08/28/2012 05:56 pm ET Updated Dec 06, 2017

From Girls to No-Budget Filmmaking: Alex Karpovsky's Red Flag Is Sparse, Brilliant

Alex Karpovsky is all over the place. Whether you know him by name or not, if you've been following independent film for the past several years, you know his face. He has starred in Lena Dunham's Tiny Furniture, Brian Poyser's Lovers of Hate, Andrew Bujalski's Beeswax and too many other features to count. He is currently on HBO's Girls as Ray, the barista who stole Shoshanna's virginity. Karpovsky is also an accomplished writer/director with multiple features under his belt. I recently had the chance to check out his latest, Red Flag, and I loved it. The film is a dark comedy about a narcissistic filmmaker (named Alex Karpovsky) who tours the South with a microbudget feature (Karpovsky's actual second feature, Woodpecker) while dealing with a break-up, existential issues and his own neurosis. Red Flag was produced on a shoestring budget though feels like anything but. I became so curious about what went into the production, I had to flag down Mr. Karpovsky to get the details.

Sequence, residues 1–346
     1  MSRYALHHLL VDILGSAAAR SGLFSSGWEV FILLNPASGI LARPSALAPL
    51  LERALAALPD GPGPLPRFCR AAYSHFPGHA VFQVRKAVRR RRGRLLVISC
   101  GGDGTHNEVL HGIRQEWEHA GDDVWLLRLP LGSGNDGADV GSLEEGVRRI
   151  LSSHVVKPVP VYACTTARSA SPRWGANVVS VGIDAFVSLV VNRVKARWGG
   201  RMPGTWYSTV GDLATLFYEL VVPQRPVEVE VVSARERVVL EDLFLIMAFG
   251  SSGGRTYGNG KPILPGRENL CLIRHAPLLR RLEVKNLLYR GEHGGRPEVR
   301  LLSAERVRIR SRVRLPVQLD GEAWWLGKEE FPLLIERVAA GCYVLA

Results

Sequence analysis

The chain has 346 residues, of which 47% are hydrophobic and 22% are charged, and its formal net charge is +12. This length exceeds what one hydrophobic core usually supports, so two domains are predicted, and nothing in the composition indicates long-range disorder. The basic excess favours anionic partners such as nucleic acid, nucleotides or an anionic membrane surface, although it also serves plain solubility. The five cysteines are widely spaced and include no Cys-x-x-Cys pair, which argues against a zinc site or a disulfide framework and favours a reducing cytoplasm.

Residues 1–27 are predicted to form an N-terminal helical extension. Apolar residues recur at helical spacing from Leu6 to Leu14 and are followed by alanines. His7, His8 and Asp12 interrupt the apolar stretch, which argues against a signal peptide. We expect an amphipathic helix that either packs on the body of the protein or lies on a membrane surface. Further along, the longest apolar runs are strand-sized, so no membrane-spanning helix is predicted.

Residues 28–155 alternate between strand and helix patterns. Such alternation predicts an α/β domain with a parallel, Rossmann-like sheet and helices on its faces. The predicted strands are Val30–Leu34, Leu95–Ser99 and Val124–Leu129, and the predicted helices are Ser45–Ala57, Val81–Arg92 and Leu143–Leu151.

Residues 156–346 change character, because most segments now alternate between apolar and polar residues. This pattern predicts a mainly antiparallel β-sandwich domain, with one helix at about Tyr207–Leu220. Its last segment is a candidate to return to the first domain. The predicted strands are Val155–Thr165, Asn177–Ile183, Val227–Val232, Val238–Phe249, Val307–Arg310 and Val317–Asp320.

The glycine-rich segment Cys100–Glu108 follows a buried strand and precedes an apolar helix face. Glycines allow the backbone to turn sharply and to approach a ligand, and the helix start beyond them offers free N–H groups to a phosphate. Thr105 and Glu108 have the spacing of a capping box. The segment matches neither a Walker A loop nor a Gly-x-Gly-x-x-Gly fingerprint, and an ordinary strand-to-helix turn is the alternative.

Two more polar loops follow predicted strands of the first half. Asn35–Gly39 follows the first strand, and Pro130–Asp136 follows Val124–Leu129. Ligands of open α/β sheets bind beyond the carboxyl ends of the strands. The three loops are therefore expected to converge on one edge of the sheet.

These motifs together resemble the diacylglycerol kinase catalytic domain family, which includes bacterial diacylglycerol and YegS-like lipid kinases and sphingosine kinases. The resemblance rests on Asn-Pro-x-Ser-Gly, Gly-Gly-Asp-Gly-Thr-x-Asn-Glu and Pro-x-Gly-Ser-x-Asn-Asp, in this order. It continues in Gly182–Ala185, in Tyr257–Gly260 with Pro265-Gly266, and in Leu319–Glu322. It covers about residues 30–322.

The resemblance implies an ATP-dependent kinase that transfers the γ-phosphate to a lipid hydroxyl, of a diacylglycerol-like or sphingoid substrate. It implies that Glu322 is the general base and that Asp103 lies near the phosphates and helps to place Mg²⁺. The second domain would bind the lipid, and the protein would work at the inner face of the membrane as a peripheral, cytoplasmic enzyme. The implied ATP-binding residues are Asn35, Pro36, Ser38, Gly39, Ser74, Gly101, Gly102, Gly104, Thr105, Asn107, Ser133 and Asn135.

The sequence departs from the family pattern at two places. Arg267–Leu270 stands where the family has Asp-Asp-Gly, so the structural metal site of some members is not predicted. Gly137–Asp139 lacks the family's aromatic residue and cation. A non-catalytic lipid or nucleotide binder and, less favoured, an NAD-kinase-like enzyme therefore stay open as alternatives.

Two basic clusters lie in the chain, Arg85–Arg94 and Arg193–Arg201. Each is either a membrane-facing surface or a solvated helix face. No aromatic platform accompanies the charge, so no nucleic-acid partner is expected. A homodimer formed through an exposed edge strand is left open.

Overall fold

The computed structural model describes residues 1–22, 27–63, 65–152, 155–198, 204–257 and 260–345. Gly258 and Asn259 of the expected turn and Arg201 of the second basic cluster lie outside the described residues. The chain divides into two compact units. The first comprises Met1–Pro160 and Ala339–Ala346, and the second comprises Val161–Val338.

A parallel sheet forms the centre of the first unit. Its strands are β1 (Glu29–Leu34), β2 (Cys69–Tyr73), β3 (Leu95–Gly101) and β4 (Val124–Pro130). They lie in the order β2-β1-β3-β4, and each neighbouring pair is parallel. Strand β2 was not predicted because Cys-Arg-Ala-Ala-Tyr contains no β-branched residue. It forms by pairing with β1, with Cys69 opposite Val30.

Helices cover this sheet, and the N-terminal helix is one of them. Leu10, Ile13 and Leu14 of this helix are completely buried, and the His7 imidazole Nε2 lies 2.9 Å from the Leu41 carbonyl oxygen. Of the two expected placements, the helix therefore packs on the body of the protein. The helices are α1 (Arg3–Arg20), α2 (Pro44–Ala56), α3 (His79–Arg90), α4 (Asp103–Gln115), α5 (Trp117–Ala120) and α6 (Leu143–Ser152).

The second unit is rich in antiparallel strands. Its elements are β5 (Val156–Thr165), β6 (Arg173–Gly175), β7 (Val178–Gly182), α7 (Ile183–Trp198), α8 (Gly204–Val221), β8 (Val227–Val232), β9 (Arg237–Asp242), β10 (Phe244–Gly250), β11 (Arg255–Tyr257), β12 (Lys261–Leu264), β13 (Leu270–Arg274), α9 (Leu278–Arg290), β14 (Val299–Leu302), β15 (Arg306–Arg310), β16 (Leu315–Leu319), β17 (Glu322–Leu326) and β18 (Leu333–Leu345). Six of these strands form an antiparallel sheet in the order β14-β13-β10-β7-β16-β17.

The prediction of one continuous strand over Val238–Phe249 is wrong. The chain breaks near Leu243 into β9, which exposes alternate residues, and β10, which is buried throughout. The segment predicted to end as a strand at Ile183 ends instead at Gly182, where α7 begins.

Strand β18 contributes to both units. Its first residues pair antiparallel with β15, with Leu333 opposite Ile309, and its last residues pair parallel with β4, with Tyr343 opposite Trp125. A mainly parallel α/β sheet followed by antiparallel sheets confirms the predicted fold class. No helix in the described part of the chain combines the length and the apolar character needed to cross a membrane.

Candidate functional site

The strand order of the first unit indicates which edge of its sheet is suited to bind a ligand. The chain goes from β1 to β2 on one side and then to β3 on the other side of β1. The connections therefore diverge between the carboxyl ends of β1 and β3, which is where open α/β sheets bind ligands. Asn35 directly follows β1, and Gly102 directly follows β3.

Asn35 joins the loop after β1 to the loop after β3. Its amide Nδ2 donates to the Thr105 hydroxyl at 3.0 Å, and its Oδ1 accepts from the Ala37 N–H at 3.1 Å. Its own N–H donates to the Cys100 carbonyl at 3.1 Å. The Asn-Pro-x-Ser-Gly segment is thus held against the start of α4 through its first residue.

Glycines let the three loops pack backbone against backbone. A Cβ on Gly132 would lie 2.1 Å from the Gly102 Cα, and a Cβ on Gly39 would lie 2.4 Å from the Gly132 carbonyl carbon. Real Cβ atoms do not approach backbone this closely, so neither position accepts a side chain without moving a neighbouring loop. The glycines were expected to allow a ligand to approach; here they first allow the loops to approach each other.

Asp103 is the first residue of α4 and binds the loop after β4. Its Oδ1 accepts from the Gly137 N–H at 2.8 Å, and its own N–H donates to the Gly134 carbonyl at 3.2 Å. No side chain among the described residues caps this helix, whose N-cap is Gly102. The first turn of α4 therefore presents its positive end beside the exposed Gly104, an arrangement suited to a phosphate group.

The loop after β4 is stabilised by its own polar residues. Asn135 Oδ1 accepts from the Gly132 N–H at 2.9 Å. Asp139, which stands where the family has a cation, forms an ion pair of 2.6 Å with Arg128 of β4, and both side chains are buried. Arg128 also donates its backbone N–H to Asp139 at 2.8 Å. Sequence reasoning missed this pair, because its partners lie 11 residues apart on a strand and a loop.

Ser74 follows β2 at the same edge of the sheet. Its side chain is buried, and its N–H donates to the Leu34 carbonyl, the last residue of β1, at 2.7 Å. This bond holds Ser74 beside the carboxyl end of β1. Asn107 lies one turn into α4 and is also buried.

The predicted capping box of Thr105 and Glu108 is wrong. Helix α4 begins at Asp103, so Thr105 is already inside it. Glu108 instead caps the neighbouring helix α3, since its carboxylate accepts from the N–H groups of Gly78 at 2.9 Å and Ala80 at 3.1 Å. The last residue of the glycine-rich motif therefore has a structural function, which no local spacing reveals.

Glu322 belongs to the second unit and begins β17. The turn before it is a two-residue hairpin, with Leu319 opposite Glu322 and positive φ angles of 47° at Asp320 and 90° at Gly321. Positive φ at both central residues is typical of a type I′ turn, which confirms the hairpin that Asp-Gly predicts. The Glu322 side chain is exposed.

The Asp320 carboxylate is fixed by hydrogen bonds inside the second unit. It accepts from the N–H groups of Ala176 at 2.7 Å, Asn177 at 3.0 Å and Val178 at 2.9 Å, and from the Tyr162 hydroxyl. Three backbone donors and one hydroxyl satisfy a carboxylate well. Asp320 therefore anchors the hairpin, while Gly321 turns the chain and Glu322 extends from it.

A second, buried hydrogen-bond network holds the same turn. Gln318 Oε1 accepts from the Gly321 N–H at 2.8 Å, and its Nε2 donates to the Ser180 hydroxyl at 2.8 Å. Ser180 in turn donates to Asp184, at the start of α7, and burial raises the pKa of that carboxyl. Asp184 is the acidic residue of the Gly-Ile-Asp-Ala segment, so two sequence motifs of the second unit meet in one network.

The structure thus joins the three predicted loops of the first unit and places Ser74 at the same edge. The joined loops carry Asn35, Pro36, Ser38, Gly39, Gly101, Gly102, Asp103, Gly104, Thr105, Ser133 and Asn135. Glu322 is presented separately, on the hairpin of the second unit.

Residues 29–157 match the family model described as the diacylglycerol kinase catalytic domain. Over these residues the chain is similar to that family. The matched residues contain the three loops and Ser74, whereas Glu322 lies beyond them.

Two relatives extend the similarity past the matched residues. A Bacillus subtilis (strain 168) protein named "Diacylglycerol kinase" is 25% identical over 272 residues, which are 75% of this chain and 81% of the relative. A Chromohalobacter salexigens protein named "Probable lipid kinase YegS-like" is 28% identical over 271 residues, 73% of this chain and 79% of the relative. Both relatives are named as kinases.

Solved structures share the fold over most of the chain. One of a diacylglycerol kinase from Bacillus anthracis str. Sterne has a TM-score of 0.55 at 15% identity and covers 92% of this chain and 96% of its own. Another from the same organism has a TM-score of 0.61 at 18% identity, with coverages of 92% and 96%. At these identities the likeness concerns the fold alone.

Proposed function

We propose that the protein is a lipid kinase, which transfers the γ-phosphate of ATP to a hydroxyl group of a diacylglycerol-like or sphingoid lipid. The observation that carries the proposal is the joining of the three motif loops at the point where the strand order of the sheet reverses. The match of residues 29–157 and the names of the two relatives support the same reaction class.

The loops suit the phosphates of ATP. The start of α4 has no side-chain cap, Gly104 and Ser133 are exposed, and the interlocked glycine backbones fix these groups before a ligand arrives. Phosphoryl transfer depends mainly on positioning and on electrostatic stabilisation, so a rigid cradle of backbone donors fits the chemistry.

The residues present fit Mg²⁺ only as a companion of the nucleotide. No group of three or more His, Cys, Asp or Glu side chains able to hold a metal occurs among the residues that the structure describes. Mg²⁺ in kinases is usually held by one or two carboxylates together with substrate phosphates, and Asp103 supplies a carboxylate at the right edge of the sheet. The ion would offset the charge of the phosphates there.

In real life, Karpovsky was given the opportunity to tour six or seven states in the South (with a rental car and per diem) and show Woodpecker at various art house theaters. Though the idea sounded incredibly lonesome to him, he didn't want to turn down the financial opportunity. Naturally, the solution was to build a film around the tour dealing with the theme of loneliness. Inspired by Curb Your Enthusiasm, Michael Winterbottom's The Trip, and Going Places with Gerard Depardieu, Karpovsky wrote a 30- to 35-page outline without dialogue. The shoot itself took 12 days, and the story beats did not change while shooting. There was a lot of flexibility with shooting locations, though, as most of the time Karpovsky and crew didn't know where they'd be next.

Depending on how you look at it, the film's crew size was either one or two people. Adam Ginsberg operated the camera (a Canon 7D), ran audio (wireless lavs) and also edited the film. Robin Salant served as production manager, and along with lead actress Jennifer Prediger, helped interact with locals and lock down locations sans permits. Just about every actor other than the leads was a non-actor selected at random.

I really could not recommend this film more highly, especially for independent filmmakers working on miniscule budgets. Red Flag is a clinic on how to create an interesting story with whatever means you can access. Check out the trailer below, and "Like" the film on Facebook to find out where and when you'll be able to check it out.